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The Japanese government announced that it is now offering free day care to all children aged 6 months to 2 years old, regardless of parents’ employment status.

Key details: The “Childcare Access for All” program, set to begin in April 2024 with a trial run in 150 municipalities, will see nationwide implementation by 2026. All children within the age range will be eligible, with initial access capped at 10 hours per month, though an increase is planned for 2026, reported local outlets.

Why it matters: This significant change from the current system, which prioritizes children of working parents, holds the potential to address Japan’s declining birth rate. By improving access to affordable childcare, lawmakers hope to incentivize couples to have more children.

The bigger picture: Ultimately, the ambitious program seeks to address Japan’s declining birth rate and support families by significantly reducing the financial burden on families, especially those considering having more children. The cost of childcare is a major deterrent for many couples, and removing the barrier could encourage them to expand their families.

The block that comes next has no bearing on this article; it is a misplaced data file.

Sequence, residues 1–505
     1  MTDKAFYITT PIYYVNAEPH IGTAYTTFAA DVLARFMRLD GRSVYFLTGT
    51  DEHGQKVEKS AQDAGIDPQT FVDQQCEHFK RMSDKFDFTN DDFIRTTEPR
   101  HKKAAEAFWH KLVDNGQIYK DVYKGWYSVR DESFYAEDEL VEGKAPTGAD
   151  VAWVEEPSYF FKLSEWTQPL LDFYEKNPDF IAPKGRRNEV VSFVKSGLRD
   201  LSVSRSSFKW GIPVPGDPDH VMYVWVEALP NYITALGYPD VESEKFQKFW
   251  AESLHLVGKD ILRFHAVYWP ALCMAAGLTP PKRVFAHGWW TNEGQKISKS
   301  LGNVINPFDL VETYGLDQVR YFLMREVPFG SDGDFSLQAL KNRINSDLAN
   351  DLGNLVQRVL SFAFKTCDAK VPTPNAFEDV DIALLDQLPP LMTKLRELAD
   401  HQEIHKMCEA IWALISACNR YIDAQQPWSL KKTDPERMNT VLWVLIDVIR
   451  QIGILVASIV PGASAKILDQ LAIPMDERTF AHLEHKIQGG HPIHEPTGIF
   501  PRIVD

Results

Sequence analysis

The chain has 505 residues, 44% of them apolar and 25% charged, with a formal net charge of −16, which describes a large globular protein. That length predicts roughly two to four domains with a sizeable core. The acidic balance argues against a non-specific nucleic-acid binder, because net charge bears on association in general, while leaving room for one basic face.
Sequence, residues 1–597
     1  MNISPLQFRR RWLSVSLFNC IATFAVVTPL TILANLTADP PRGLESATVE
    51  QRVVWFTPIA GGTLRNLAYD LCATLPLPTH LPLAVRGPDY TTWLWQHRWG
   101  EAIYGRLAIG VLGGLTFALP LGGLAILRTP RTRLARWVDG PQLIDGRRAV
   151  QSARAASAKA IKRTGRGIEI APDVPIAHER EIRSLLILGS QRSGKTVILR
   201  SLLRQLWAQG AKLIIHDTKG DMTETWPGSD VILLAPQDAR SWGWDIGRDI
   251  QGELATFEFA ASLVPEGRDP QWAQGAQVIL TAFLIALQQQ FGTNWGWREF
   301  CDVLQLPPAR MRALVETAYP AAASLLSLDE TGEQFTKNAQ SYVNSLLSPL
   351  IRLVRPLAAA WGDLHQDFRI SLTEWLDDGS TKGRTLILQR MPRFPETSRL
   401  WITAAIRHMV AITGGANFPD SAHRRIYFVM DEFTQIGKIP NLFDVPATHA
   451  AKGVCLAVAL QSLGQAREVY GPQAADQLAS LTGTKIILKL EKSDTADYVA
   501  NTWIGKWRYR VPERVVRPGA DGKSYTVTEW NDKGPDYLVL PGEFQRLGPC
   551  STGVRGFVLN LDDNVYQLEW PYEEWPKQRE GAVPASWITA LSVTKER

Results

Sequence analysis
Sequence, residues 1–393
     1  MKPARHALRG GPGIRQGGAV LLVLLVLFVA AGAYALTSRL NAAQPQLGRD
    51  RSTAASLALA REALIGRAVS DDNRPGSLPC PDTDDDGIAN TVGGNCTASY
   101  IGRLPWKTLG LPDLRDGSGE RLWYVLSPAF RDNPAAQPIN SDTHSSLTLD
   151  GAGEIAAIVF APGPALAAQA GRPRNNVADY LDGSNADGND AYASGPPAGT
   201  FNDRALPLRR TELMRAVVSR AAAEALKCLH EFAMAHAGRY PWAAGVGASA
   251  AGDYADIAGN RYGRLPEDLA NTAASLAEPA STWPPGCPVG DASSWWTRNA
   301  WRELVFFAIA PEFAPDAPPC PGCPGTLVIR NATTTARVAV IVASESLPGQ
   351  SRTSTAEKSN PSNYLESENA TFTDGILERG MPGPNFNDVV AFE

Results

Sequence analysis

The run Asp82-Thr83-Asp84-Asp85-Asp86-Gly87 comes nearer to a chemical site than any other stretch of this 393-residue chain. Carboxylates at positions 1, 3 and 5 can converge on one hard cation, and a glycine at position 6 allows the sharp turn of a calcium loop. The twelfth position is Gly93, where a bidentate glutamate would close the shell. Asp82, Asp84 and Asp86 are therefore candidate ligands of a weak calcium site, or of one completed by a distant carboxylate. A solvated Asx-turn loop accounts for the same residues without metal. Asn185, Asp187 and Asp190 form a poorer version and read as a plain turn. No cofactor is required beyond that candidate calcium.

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The program is part of a broader government effort to support families. This includes expanding financial assistance for families with children, implementing flexible work arrangements for parents and improving the quality of education and childcare.

Challenges to address: Proponents of the nationwide program have yet to fully clarify where it will get its funding. Hiring many daycare workers could also be difficult in a country with an aging population.

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